Founder & Owner of Gym Bangarang (Muay Thai, Boxing Camp – Chiangmai)
Age 40, United States of America
It’s been 18 years since we last met on the sands in the Middle East. Some of us never returned home and many of us came home broken and shattered much like myself. Some of us don’t like to be reminded of our past and some of us even today cannot escape our own fears.
The Brothers we left behind, the widows we confided and the children we told stories to about their fathers are always a constant reminder to why we keep pushing forward… but to what end and to what purpose?
I have to say as much as I am proud to have served with you I have also been deeply saddened and wounded by the experiences we all had to share. The fighting, the death, the destruction, and chaos of men passing on their burdens to their children and to other men’s children. A vicious cycle of death that we must endure to the end of our days with some of those days having more intention than others to finally make it our last moment and our last breath just to ease the suffering inside of our minds and our souls.
My Intention to tell you of my suffering is not to discourage you, it is to let you know that if you have or are still also suffering that I have finally discovered my inner self and am now on the path towards healing and it is also discoverable for you.
For the past 18 years I’ve been on a rocky, turbulent path of self-destruction, sabotage, chaos, and longing. Desiring so much in my heart to make the pain stop I have not left any stone unturned in my zealous desire to heal my wounds. Looking back on my life I see how bizarre my behavior was. Being a wounded animal for so long while looking for an ailment has created catastrophic conditions in my life that for some may seem unreal or unfathomable. This is our way though, because we don’t know any other and we weren’t trained to do otherwise.
I took the journey of being a monk to relearn everything that we were taught and everything that we experienced negatively and instead did it with positive intention with kindness, compassion, and love.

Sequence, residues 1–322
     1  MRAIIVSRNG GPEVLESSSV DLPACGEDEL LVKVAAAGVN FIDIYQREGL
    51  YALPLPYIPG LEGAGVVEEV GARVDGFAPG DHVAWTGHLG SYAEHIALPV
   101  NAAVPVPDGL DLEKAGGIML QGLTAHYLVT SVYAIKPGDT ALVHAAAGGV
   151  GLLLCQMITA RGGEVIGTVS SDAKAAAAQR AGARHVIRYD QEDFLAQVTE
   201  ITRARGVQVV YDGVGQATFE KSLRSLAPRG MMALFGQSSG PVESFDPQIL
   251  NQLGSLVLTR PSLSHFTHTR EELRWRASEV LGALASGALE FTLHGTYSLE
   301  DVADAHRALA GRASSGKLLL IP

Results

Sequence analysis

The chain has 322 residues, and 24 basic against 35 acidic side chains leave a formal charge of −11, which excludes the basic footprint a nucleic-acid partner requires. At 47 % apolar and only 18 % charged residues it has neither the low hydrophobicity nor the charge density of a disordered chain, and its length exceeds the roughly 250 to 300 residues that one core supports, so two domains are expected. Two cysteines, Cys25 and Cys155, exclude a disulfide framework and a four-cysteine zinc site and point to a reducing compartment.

Everything was similar but this time all the emotions were out on the table. I was eating by the numbers, I was living in a tent, I was appreciating having nothing and living a simple routine. We rose early in the mornings and trained all day and all night. We walked in formation, our heads were shaved, we were given a uniform and tools to use as weapons… for our minds.
I could not believe all of the similarities that were so obviously noticeable and interchangeable between being a monk and being a marine. The only difference was the intentions and the end goal. I nearly broke halfway through my journey.
There were moments in our hikes that reminded me of when instead of carrying a tent bag for resting at night we were instead carrying a weapon. There were moments when we walked in the early mornings to beg for food from the locals that it felt like I was on patrol searching the villages for contraband or hostile activity. There were moments when we missed home and longed to be with our loved ones and all we could confide in was ourselves. And there were also moments when I meditated and realized that my past means nothing.
We have today and we must be thankful and if we are lucky, we will see tomorrow. I will not spoil the journey because you must see it for yourself and I know that there are some of you out there longing and looking for the arrow thats pointing in the right direction. I can tell you from my personal experience that the arrow that I see now from this experience points directly at me and it always has been. The biggest problem that we all have is that we have accumulated so many layers of pain and suffering that we can never go deep enough within ourselves to find what it is we are always searching for. The only way I was able to understand this was to take this journey.
For any brothers that I have harmed in the past or will harm in the future I ask for your forgiveness. I took this journey as a sign of good faith that an effort was made in making sure that none of our brothers would be left behind. The battle is not over and the work is not finished. Until we meet again in this lifetime or the next.